Ancient art that packs a punch
Chen Jiye has been practicing wing chun for 60 years. [Photo provided to China Daily]
Chen Jiye, 73, teaches the martial art wing chun on an average of two hours a weekday and five hours on weekend day and says he feels no tiredness.
He has been practicing this martial art for 60 years. Wing chun, which originated in the Qing Dynasty (1644-1911) in South China, has become popular worldwide through action films about its renowned masters Ip Man and Bruce Lee.
Chen Jiye's master Chen Jiaxin was the third-generation successor of wing chun in Shunde, Guangdong province, who was also a peer of Bruce Lee.
In 2013 wing chun was listed in China sport's intangible cultural heritage issued by the General Administration of Sport of China.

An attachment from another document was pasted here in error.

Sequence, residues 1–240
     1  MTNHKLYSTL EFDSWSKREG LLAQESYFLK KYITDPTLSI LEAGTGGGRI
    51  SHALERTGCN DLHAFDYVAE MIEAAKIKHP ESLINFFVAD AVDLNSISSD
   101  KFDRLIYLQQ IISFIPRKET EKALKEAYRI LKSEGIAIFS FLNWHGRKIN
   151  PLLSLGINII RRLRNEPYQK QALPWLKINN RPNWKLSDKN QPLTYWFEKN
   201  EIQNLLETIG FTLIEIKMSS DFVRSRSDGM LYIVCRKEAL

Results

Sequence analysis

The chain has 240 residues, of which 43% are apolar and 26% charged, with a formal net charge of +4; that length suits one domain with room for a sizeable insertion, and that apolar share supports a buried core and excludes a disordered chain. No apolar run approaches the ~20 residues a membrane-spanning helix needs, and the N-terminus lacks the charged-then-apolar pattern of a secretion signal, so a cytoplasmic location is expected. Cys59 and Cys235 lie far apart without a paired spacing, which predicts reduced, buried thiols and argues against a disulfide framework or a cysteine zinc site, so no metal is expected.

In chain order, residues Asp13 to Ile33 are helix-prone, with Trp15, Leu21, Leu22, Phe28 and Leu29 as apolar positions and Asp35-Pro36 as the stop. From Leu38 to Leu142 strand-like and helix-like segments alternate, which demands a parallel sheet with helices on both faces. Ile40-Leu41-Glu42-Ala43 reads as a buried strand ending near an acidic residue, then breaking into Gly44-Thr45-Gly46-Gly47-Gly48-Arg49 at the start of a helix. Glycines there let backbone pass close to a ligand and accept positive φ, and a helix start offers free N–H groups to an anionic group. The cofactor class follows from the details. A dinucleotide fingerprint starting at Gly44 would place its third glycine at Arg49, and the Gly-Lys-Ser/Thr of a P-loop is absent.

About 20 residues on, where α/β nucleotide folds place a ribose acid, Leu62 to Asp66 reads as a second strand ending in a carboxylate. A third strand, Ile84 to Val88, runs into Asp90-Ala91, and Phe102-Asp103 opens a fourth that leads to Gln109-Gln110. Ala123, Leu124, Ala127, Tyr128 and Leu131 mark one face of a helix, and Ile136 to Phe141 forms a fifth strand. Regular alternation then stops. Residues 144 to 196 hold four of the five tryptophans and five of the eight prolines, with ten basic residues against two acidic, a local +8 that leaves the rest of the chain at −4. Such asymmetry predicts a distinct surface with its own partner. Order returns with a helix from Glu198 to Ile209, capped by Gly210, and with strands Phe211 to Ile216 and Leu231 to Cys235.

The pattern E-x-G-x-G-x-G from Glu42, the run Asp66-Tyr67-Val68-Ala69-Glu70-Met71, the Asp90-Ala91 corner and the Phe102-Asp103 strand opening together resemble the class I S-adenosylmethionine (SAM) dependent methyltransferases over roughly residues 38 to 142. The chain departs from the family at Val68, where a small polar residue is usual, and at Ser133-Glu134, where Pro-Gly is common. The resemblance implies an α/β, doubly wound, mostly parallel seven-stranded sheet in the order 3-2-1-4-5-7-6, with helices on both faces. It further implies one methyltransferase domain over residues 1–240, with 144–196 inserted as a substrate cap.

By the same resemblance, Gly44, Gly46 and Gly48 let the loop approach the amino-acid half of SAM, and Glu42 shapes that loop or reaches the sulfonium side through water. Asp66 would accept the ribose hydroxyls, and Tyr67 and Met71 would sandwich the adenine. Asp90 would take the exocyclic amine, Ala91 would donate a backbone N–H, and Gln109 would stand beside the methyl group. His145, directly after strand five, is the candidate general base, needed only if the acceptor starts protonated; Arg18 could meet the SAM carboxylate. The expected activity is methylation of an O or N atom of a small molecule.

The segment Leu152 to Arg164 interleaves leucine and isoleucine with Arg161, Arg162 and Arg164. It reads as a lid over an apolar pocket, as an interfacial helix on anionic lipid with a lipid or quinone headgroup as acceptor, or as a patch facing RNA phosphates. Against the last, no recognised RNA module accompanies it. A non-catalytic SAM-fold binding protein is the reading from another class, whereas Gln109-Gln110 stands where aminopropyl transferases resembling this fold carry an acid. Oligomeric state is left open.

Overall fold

Chen, who started teaching the art four years ago, is now keen on teaching it to more people.
He liked to read martial art fantasy when he was a child, he says, and took great pleasure in imagining how the moves were carried out.
"I heard about Chen Jiaxin in our village being able to do wing chun, and I went to ask him to teach me and he agreed."
That was when he was 13, a time when few people were learning it, he says, and Chen's enthusiasm ensured that he was a very quick learner.
His master taught him very thoroughly with strict attention to detail, he says, and from then on each day Chen would practice the basic skills including the horse riding stance and the punch.
"It's quite hard to practice the basic skills. You have to punch 1,000 or 2,000 times a day, and each punch must be done precisely otherwise it will fall short of what you want it to do."
Wing chun is renowned for its quick arm movements that help its practitioners' maintain the suppleness and flexibility of their muscles.